"Inside Edition" anchor Deborah Norville says she is "so grateful" after hertwo weeks ago. On Monday, Norville was back on the air. She said she and her doctor had been monitoring a lump in her neck for about 20 years, ever since a viewer first noticed it on TV and contacted Norville's publicist about it.
"I'm grateful to that viewer. I'm grateful to the viewers who've reached out, who've expressed their love and kindness and compassion and concern," Norville said Tuesday on "CBS This Morning."
Her surgeon removed most of her thyroid after nodules in her neck tested positive for cancer.
Norville admitted she was "very fearful" before her procedure because her doctor was forthcoming about the risks.
"We talk for a living. I was concerned that there would be damage. And the doctor was very straight forward. He said, 'The nerves that power your vocal cords rest right on top of your thyroid, and we have to manipulate them to get to the thyroid to remove it,'" she said.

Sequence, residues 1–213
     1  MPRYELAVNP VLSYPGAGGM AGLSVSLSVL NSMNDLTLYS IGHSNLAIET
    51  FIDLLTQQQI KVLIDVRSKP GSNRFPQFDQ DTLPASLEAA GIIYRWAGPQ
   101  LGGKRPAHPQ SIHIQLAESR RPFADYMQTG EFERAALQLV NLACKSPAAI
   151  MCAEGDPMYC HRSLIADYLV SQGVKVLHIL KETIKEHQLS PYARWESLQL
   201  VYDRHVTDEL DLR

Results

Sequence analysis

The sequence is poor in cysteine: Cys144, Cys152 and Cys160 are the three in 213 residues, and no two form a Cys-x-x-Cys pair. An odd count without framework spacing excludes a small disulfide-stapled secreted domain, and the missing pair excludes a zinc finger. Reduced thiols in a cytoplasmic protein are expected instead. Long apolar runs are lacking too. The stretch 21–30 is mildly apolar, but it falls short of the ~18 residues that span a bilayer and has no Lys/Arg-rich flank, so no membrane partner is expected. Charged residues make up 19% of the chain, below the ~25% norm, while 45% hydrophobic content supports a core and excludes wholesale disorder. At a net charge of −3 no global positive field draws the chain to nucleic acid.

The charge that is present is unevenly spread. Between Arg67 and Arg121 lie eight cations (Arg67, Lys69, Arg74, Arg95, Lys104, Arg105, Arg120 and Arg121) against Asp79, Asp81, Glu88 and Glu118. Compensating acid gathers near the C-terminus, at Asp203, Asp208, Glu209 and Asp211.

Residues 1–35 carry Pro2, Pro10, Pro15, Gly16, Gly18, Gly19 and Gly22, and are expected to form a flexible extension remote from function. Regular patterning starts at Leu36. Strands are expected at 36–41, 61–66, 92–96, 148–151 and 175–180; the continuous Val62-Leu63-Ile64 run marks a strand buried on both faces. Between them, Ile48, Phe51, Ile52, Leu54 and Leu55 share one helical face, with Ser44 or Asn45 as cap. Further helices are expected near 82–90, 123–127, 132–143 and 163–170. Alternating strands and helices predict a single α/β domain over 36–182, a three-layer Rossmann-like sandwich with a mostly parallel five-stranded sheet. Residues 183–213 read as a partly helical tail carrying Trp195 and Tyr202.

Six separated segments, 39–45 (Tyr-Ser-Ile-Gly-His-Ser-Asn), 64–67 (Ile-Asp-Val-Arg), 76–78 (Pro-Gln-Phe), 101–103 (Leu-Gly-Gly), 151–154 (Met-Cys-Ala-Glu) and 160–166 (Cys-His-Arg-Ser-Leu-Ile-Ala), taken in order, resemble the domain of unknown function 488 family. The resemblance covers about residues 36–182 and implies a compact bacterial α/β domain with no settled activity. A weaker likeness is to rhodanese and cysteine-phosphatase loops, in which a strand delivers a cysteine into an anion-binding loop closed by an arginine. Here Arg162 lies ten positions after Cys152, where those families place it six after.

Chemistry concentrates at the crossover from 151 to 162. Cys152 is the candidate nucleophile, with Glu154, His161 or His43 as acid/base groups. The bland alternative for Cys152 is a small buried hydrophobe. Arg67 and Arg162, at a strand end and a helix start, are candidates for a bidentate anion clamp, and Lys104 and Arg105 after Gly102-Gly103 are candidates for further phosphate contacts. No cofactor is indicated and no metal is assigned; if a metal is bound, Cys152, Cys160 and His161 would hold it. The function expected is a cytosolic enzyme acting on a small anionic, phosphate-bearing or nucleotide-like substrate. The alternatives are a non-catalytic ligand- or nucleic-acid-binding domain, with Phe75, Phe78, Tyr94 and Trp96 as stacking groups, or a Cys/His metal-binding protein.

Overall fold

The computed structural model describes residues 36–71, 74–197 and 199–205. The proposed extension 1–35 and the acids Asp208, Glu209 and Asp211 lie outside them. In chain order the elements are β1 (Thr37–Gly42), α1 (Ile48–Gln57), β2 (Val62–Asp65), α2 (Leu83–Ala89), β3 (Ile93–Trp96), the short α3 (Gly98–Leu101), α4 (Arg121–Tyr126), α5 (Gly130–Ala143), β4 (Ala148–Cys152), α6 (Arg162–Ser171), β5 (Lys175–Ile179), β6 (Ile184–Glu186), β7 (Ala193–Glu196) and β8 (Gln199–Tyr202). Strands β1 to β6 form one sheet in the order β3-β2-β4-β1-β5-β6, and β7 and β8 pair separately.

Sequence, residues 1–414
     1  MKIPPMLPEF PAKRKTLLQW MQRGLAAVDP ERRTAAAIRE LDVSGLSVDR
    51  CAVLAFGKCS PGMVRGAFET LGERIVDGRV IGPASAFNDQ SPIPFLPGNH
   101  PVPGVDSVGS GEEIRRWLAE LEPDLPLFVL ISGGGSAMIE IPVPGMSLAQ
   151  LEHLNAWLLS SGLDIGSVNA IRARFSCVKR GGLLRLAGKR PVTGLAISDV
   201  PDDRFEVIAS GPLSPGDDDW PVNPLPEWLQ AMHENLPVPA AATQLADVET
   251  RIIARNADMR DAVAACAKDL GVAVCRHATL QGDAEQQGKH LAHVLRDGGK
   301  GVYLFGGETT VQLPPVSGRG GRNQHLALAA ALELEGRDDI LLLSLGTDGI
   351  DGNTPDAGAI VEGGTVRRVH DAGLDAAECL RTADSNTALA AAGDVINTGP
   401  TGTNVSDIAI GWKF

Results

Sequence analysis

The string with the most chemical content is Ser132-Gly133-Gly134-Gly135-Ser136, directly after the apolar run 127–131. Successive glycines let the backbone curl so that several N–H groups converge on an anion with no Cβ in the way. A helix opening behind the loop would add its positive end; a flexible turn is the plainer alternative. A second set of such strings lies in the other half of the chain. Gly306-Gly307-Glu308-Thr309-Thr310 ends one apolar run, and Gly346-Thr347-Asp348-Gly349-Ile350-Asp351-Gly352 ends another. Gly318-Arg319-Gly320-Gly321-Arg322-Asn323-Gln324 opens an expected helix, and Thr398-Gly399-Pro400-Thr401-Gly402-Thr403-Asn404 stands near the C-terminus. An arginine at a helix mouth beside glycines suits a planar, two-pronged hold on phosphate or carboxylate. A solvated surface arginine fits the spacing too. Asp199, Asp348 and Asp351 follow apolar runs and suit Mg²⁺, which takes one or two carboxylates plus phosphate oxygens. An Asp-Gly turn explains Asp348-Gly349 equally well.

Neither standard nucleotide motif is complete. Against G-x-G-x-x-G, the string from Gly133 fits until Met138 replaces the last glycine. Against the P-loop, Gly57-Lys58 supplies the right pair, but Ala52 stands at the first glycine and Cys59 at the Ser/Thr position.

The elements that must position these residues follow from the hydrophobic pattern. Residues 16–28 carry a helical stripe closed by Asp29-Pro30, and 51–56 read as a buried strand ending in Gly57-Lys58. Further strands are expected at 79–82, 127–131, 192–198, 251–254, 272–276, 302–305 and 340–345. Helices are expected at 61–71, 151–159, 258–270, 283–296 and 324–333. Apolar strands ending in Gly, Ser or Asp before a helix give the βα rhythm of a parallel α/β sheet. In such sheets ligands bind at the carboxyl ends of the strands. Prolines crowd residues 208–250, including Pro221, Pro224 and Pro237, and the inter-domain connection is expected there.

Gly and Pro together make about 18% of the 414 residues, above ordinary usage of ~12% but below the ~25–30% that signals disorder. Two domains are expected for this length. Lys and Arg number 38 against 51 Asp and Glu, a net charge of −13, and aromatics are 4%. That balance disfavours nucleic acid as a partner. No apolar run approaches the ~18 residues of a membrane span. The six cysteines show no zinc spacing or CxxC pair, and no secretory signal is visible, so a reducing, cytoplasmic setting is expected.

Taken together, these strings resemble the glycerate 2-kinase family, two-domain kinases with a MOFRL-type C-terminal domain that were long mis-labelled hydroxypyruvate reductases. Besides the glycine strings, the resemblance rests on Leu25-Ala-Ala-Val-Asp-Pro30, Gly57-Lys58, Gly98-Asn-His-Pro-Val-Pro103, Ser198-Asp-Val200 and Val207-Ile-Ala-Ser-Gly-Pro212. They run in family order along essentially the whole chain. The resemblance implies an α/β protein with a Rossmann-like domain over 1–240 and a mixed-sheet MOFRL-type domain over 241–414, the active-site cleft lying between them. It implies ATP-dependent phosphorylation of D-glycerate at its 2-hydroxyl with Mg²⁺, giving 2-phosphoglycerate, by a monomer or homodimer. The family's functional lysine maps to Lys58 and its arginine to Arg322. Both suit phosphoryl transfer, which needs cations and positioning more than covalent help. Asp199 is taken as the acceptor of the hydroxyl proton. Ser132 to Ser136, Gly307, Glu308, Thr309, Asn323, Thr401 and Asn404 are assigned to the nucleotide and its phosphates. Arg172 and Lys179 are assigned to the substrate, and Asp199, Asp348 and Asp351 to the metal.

Fortunately, after the surgery, she said she "sounded more or less like me."
"I was like, 'Thank you, Lord,'" Norville said.
For those who are curious about whether they should be regularly screened for thyroid cancer, Norville said no, adding her doctor's advice: "He said this is not like you need to have your mammogram. This is not like you need to have your regular colonoscopy."
"If you feel something, if you have difficulty swallowing, if you have difficulty speaking, you need to reach out to your physician and then they will refer you if necessary," Norville said.
While she was asymptomatic, Norville urged viewers to "be proactive about your health."
"The truth is, I knew I was supposed to regularly get these lumps checked and scanned. I was six months late. I've been really good for almost 20 years, but I let it slip," she said. "And so if you have something that needs to be regularly checked, pull out [your cellphone], put it in your calendar so that every year it reminds you that you need to do this. Because you are your own best advocate. You cannot depend on the rest of the world. You may not have a viewer that calls you like me."
The American Cancer Society estimates about 52,070 new cases of thyroid cancer will be diagnosed in 2019. It is about three times more common in women than in men.